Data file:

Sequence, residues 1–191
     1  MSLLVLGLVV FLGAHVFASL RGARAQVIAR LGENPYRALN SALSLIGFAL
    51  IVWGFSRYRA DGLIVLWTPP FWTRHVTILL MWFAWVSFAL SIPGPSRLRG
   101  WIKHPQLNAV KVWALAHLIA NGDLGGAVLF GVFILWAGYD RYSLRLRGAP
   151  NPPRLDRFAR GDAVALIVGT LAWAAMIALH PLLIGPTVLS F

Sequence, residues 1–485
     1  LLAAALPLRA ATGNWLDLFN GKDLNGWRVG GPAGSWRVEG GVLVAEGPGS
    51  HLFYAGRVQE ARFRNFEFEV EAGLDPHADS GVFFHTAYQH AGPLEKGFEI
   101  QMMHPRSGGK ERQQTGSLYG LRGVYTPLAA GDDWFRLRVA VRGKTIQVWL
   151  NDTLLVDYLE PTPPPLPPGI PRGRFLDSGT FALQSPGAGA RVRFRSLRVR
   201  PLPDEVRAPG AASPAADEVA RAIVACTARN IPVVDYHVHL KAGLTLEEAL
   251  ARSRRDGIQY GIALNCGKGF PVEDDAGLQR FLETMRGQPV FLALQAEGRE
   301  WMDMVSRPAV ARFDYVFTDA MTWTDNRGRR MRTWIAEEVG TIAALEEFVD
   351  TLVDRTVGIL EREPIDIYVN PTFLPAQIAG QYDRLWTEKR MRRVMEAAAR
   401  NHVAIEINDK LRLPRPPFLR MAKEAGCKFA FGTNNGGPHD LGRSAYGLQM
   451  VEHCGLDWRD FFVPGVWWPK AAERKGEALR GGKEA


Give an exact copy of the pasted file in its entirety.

Sequence, residues 1–191
     1  MSLLVLGLVV FLGAHVFASL RGARAQVIAR LGENPYRALN SALSLIGFAL
    51  IVWGFSRYRA DGLIVLWTPP FWTRHVTILL MWFAWVSFAL SIPGPSRLRG
   101  WIKHPQLNAV KVWALAHLIA NGDLGGAVLF GVFILWAGYD RYSLRLRGAP
   151  NPPRLDRFAR GDAVALIVGT LAWAAMIALH PLLIGPTVLS F

Sequence, residues 1–485
     1  LLAAALPLRA ATGNWLDLFN GKDLNGWRVG GPAGSWRVEG GVLVAEGPGS
    51  HLFYAGRVQE ARFRNFEFEV EAGLDPHADS GVFFHTAYQH AGPLEKGFEI
   101  QMMHPRSGGK ERQQTGSLYG LRGVYTPLAA GDDWFRLRVA VRGKTIQVWL
   151  NDTLLVDYLE PTPPPLPPGI PRGRFLDSGT FALQSPGAGA RVRFRSLRVR
   201  PLPDEVRAPG AASPAADEVA RAIVACTARN IPVVDYHVHL KAGLTLEEAL
   251  ARSRRDGIQY GIALNCGKGF PVEDDAGLQR FLETMRGQPV FLALQAEGRE
   301  WMDMVSRPAV ARFDYVFTDA MTWTDNRGRR MRTWIAEEVG TIAALEEFVD
   351  TLVDRTVGIL EREPIDIYVN PTFLPAQIAG QYDRLWTEKR MRRVMEAAAR
   401  NHVAIEINDK LRLPRPPFLR MAKEAGCKFA FGTNNGGPHD LGRSAYGLQM
   451  VEHCGLDWRD FFVPGVWWPK AAERKGEALR GGKEA